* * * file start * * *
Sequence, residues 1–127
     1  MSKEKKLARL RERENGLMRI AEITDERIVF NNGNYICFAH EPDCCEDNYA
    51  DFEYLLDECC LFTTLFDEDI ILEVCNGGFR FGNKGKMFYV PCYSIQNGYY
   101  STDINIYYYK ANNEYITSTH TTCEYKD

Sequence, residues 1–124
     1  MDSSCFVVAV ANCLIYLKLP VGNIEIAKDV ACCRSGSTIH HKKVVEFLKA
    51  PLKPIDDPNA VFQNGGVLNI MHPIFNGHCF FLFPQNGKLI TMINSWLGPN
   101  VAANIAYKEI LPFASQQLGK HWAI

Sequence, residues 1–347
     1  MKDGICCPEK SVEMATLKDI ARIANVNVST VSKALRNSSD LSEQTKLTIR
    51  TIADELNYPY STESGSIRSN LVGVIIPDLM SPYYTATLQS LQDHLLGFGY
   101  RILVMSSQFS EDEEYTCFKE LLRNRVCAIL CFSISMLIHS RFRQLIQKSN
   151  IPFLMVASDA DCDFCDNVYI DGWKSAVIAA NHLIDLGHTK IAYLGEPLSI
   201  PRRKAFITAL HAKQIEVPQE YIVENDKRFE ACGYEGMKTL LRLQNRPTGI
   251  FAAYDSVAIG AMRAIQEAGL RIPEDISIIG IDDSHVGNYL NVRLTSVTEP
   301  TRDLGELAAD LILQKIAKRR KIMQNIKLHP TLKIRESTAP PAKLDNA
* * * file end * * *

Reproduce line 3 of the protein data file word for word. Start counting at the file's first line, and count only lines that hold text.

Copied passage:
    51  DFEYLLDECC LFTTLFDEDI ILEVCNGGFR FGNKGKMFYV PCYSIQNGYY